Before he became Dragon Man, Mel Bernstein was a boy, skinny and bespectacled, the easy target of bullies on the mean streets of Brooklyn.
Here he is as a toddler in the Jewish neighborhood where he grew up, sitting in his pedal car and beaming at his adoring mother for the photo. Here he is in another grainy frame, now 15 at the start of the 1960s, wearing those dark-rimmed glasses and a white T tucked into high slacks. He's straddling a bicycle with flame decals, the bicycle he'd ride to escape the toughs or else pay a quarter to avoid a beating.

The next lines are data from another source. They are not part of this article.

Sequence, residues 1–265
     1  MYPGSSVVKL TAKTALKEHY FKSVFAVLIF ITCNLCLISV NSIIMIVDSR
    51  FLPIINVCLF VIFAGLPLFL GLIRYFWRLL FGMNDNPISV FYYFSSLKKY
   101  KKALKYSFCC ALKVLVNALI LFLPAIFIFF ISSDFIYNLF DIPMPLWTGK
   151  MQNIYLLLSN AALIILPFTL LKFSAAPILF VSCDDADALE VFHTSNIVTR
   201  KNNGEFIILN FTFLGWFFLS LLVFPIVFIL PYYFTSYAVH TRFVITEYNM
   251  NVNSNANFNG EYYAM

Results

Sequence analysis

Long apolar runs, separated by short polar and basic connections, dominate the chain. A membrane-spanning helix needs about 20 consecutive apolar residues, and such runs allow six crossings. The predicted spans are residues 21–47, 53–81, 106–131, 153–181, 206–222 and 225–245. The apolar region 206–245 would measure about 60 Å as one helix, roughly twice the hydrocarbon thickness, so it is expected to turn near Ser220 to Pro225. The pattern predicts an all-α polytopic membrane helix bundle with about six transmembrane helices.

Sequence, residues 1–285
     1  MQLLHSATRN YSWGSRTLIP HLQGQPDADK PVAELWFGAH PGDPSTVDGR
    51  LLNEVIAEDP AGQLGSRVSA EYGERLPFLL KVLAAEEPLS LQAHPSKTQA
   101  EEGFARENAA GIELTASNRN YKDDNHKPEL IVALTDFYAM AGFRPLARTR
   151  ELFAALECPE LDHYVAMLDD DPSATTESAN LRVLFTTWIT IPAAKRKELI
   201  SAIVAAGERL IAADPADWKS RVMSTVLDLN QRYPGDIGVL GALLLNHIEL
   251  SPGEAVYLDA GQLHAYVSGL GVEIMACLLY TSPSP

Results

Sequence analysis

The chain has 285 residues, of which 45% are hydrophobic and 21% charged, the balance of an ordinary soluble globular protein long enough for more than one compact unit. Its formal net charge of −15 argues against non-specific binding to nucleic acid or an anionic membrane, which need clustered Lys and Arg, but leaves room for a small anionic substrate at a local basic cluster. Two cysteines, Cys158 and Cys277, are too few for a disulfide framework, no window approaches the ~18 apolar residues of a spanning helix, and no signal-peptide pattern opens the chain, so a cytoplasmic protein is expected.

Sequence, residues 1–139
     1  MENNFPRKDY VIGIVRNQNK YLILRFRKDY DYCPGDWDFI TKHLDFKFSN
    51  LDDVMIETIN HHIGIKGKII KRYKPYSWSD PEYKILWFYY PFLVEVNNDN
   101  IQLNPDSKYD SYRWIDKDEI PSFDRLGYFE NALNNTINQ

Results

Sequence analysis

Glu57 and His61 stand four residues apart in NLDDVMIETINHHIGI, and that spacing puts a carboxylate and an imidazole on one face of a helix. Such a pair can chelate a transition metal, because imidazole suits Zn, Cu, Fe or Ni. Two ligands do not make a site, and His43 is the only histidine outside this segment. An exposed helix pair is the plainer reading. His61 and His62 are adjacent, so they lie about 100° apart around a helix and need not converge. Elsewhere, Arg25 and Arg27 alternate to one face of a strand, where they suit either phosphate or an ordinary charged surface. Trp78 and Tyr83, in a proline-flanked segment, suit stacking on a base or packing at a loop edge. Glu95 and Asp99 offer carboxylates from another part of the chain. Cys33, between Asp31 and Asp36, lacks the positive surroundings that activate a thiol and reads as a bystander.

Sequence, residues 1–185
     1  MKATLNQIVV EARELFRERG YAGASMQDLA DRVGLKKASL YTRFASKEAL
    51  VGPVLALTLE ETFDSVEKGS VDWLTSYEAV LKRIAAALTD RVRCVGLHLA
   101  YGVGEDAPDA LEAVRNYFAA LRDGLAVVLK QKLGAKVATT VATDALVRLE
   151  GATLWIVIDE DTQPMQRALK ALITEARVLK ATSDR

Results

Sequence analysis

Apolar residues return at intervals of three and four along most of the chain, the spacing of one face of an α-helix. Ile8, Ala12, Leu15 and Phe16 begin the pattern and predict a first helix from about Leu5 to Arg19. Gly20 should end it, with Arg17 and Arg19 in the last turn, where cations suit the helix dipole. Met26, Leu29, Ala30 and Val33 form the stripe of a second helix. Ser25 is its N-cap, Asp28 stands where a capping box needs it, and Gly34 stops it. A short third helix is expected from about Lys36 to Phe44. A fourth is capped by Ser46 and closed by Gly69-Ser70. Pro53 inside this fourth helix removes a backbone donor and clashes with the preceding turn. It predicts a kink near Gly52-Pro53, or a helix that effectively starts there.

"Yeah," he says now, looking back at himself, the sleeves of his leather jacket covering the tattoos up and down his arms. "Yeah. What a p****."
He puts down the photo from his hardened hands, oil-stained from a life of motorcycle tinkering. And he continues on his stroll through his kingdom, Dragon Land, his dusty 260-acre home on the plains in eastern El Paso County.
For 30 years, people have come to his ranges to shoot guns of their pleasure, from Magnums to AK-47s to machine guns. They head down Dragonman Drive, the long dirt stretch lined with bloodied mannequins in shot-up cars and written warnings for anyone thinking to cross Dragon Man, who has a Class III federal firearms license that allows him to deal high-powered rifles.
The eccentric overseer has himself become an attraction.
"You know I have 28,000 followers on Facebook?" he says. "Twenty-eight thousand!"